Up at THT, a historical item notes that toady is the 20th anniversary of Greg Maddux breaking off contract negotiations with the Cubs. Truly a date that will live in infamy. Plus a whole litany of other events having their anniversary or "day-versary" are mentioned.
   4. Eric J can SABER all he wants to Posted: July 16, 2012 at 10:44 AM (#4183706)
Game of the day (yesterday): Angels 10, Yankees 8. Subheadline: Jered Weaver proves that nobody gets his record to 11-1 without at least the occasional lucky one.

Ivan Nova started the game for the Yankees, and gave up back-to-back homers to Erick Aybar and Albert Pujols in the top of the first. The Yanks came right back against Weaver, thanks to a 2-run homer from Alex Rodriguez, then scored again in the second. Eric Chavez singled with one out, and moved to second on a bunt by Russell Martin (which isn't scored as a sacrifice, and with one out, better not have been called as such). Derek Jeter then singled Chavez home, and also ended the inning by getting thrown out trying for second.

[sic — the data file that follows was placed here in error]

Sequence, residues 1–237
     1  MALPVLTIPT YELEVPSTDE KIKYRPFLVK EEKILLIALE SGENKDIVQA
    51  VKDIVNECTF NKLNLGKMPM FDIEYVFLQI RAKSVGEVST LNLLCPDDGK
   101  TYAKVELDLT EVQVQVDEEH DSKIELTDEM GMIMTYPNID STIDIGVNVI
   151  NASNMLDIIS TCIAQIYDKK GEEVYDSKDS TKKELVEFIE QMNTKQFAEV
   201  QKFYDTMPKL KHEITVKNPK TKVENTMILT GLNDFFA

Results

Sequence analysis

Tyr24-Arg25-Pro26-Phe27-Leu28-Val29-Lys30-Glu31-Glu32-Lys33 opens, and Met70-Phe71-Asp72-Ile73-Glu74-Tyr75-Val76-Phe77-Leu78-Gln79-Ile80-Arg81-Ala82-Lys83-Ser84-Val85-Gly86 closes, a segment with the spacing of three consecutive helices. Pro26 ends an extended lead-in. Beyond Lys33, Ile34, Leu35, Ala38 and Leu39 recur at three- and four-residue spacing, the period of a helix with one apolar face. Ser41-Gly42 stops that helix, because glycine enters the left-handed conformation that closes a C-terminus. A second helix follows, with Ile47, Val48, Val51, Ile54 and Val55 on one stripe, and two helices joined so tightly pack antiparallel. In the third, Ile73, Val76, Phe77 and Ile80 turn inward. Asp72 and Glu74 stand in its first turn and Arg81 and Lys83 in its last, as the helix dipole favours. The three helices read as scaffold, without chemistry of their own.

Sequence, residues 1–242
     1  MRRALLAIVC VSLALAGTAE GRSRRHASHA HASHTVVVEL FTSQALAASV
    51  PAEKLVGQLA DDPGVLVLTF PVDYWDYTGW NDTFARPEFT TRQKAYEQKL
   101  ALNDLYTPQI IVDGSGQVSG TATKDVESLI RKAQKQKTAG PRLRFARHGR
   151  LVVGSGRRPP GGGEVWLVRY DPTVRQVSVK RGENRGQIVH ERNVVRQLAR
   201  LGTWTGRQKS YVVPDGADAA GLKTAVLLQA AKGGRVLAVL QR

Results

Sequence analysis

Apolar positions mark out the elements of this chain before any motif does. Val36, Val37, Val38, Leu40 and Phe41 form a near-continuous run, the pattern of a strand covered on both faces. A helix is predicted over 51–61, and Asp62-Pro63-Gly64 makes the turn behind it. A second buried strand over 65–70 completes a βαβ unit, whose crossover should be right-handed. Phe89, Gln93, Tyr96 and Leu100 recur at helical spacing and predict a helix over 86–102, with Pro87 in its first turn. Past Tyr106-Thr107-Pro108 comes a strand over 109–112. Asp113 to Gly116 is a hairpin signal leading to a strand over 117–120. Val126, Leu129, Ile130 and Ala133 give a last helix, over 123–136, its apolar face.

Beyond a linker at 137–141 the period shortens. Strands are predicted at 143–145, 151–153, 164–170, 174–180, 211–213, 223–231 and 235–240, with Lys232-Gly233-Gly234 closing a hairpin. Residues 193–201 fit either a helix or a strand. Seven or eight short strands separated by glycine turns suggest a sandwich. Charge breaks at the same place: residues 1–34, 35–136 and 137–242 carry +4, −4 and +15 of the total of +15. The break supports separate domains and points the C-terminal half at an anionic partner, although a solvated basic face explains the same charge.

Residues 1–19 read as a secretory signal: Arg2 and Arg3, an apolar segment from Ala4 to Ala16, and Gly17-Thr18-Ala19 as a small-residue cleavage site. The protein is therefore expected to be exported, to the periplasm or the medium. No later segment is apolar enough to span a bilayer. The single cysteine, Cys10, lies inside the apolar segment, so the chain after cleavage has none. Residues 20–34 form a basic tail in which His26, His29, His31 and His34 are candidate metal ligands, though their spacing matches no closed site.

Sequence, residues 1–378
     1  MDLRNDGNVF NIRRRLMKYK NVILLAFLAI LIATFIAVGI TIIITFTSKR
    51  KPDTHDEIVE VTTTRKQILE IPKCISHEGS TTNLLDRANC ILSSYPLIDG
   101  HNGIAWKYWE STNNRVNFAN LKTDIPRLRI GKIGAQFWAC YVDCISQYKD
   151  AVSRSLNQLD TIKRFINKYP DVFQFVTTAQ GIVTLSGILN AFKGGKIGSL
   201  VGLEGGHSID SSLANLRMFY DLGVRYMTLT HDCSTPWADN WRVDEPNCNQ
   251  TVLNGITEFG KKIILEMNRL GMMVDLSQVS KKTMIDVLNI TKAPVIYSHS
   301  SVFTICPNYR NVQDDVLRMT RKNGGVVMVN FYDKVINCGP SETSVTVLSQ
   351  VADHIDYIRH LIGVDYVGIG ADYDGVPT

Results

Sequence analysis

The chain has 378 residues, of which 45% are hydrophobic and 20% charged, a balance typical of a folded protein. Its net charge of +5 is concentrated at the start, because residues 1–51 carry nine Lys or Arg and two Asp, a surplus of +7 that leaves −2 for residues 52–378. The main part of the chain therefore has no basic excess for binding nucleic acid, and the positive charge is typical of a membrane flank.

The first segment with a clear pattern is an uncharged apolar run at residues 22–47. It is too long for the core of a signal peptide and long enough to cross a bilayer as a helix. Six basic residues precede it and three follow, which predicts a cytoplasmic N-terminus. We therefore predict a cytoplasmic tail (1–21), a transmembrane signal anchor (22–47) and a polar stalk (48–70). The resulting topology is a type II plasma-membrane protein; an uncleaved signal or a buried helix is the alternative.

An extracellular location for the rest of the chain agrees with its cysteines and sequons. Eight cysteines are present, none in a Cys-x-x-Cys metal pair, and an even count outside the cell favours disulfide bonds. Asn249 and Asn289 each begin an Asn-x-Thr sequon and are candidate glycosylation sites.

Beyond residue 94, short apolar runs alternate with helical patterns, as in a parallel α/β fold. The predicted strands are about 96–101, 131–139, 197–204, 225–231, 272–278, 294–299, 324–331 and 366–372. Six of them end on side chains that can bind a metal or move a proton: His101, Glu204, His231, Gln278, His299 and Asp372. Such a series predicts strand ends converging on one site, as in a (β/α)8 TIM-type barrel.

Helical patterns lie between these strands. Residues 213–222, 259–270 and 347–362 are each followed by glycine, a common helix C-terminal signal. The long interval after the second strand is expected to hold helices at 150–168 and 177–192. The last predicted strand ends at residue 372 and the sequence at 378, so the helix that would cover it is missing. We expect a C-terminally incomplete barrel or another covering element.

The Yankees put runners on the corners with one out in the third, but Weaver escaped on a double play that didn't require an actual plate appearances: he picked Robinson Cano off of first, resulting in a rundown, and A-Rod was also thrown out trying to score from third on the play. The Angels loaded the bases in the fourth, thanks to singles by Pujols and Mark Trumbo and a walk to Maicer Izturis, but Peter Bourjos flied out to leave the runners on.